MILAN, Italy, November 9, 2017 (LifeSiteNews) — A best-selling Italian writer has broken his silence on the current papacy to voice concerns over Pope Francis’ attitude toward doctrine.
Vittorio Messori, 76, is best-known in the English-speaking world for his book-length interviews with then-Cardinal Ratzinger in The Ratzinger Report (1987) and with Pope John Paul II in Threshold of Hope. The journalist has now published an essay in an Italian Catholic magazine, Il Timore, outlining his fears that Pope Francis is turning the Catholic Church into a kind of “liquid society” in which the only certainty is uncertainty and the only constant is change.
The article, which is not available online, was first brought to the attention of the English-speaking world by Edward Pentin of the National Catholic Register.
In his essay, Messori draws on the work of Zygmunt Bauman (1925-2017), the Jewish-Polish philosopher who introduced the concept of “liquid modernity” to sociology. “Liquid modernity” represents a change from what Bauman called “solid modernity.” Bauman wrote that the “liquid” modern man values individualism over social ties. He “flows through his own life like a tourist, changing places, jobs, spouses, values and even sexual orientation and gender.”
Bauman observed that such a man excludes himself from traditional networks of support, freeing himself from their restrictions or requirements. This extreme individualism has created societies in which, Messori writes, “everything is unstable and changeable.” Today it is acceptable to believe that change is “the only permanent thing” and that uncertainty is the “only certainty.”
Messori is troubled that these ideas have begun to influence religious faith. He writes that believers are becoming “disturbed by the fact that even the Catholic Church — which was an age-old example of stability — seems to want to become ‘liquid’ as well.”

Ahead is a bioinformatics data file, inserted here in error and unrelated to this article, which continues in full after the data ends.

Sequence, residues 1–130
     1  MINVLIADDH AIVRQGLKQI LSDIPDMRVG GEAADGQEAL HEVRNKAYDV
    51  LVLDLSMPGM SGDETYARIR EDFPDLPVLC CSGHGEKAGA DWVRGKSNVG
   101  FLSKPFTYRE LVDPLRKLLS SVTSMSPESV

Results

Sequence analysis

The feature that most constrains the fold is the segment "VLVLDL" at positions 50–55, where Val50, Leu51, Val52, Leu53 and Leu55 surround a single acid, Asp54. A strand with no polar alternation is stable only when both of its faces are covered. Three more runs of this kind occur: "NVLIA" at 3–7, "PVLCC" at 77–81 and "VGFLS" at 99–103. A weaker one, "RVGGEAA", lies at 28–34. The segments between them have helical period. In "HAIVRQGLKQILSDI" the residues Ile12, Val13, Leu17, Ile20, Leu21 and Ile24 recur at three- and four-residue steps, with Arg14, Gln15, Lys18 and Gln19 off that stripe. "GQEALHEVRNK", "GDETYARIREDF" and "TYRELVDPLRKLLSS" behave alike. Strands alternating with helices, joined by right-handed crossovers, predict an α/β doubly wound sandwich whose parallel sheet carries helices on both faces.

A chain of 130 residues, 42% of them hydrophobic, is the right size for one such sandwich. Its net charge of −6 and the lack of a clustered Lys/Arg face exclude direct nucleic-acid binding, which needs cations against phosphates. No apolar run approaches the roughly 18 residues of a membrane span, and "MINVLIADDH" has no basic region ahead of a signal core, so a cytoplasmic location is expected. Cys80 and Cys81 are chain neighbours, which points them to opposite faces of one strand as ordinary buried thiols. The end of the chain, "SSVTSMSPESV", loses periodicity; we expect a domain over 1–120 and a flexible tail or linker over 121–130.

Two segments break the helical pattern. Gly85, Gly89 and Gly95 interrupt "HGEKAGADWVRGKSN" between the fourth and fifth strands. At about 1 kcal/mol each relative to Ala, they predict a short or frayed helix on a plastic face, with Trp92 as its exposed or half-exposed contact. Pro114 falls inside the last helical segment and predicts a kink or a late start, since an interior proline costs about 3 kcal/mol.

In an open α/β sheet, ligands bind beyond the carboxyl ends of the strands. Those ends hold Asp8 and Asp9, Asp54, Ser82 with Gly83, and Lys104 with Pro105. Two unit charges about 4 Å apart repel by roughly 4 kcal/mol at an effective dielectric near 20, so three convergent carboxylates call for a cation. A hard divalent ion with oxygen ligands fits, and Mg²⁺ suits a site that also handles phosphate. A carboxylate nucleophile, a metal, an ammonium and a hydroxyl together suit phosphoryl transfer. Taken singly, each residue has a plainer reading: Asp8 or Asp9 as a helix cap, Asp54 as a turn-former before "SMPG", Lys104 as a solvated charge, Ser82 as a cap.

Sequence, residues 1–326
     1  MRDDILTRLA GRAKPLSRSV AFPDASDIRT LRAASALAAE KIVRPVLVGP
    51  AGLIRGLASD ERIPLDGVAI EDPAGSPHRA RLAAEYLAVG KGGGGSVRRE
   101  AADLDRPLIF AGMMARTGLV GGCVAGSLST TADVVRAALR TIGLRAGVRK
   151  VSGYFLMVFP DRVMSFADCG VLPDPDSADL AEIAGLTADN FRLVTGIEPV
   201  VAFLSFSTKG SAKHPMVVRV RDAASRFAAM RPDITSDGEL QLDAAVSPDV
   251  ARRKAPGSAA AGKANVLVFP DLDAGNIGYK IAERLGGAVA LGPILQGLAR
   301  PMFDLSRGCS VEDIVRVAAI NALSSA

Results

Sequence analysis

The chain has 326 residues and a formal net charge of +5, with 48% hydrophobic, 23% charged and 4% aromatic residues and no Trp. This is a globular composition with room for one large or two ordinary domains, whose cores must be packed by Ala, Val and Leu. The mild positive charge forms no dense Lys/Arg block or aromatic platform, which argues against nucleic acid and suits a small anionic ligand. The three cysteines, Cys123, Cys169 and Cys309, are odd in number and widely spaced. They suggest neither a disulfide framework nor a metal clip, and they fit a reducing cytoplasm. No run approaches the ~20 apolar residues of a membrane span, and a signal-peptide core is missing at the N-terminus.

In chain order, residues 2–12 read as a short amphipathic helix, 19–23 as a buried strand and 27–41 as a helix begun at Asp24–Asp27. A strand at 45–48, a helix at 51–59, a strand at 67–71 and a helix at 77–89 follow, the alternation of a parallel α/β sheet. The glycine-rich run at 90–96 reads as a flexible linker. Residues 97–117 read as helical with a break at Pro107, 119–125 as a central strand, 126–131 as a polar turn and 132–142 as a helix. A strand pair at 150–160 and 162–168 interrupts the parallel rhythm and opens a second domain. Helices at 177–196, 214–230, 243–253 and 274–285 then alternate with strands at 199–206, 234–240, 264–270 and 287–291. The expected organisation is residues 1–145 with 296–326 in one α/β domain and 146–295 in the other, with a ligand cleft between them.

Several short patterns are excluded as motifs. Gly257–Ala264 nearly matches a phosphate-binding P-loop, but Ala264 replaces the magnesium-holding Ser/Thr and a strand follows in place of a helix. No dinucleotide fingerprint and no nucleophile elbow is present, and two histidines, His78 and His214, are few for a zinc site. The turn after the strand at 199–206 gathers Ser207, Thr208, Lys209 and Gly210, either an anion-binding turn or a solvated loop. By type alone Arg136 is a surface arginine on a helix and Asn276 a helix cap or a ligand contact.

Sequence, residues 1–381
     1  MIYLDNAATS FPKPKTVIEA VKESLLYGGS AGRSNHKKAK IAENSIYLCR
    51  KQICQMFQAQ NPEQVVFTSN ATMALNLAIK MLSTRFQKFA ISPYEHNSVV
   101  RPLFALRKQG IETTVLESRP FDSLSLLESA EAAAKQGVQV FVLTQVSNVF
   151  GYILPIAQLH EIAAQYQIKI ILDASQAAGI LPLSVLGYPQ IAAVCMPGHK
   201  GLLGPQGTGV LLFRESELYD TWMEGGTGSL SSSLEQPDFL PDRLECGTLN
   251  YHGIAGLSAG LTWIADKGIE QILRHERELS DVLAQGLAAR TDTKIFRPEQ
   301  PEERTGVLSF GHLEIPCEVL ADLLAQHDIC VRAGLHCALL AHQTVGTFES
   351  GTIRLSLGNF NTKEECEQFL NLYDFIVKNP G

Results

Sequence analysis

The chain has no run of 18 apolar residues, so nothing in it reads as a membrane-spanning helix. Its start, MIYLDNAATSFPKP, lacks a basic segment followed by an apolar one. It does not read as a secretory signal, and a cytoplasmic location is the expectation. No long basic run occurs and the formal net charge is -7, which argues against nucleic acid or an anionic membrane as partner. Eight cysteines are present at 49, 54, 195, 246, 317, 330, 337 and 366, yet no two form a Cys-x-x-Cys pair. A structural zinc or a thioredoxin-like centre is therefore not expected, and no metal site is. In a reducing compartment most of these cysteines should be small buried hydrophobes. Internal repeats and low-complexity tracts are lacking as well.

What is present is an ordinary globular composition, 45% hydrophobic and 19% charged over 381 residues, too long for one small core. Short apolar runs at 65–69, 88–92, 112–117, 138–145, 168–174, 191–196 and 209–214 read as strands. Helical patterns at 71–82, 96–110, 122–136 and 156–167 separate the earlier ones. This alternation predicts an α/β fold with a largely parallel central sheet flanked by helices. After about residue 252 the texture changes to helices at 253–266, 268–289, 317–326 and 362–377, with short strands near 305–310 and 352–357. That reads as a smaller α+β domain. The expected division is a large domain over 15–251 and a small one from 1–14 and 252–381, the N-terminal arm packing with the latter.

As evidence, Messori cites a recent interview with the superior general of the Society of Jesus, Father Arturo Sosa Abascal. In conversation with journalist Giuseppe Rusconi, Sosa said that because Jesus’ words were not recorded on tape or disk, “we don’t know exactly what he said.” Because of this “uncertainty,” Sosa believes that Christians need to “discern” the true meaning of Scripture with reference to their current circumstances.
“Doctrine is a word that I don’t like very much, it brings with it the image of the hardness of stone,” Sosa told Rusconi. “Human reality is much more nuanced, it is never black or white, it is in continual development.”
Messori criticizes Pope Francis for being susceptible to the same attitude:
“But another Jesuit, also a South American, no one less than the Pope himself, in one of the many interviews he gives to the most diverse people, in the most diverse places — by plane, in St. Peter's Square, on the street — has repeated what is one of the (pillars) of his strategy of teaching and government: ’the Catholic temptation that must be overcome is the uniformity of rules, their rigidity, while on the contrary we must judge and act on a case by case basis.’”
Messori distinguishes between the original meaning of “discernment” as used in classic Jesuit spirituality and the way it is now used — to “freely interpret even dogma, depending on the situation, as has happened in some official documents containing his signature, which have aroused perplexity (to use a euphemism) in some cardinals,” he writes.
The Italian journalist says this approach seemed to him “wrong and damaging to the Church and the faith;” “in a ‘liquid world’ where everything becomes uncertain, precarious, provisional, it is precisely the stability and firmness of the Catholic Church that all humanity needs, and not only believers.”
“Those rocks of dogma, to which the superior general of the Society of Jesus is allergic, could and should become firm ground in a society that flatters itself and tends towards mushy chaos,” Messori continues.
He observes that one of the symbols of the Catholic Church is a “robust oak, held firmly to the ground by strong roots.” He asks if it is “really helpful to replace the oak with a rod that folds in any direction, with any breath of air, every human desire or fashion?”
As a help in returning certainty to the Church, Messori recommends a new appreciation and re-appropriation of the “ancient and beautiful” motto of the Carthusians: Stat crux dum volvitur orbis (the Cross is steady while the world turns).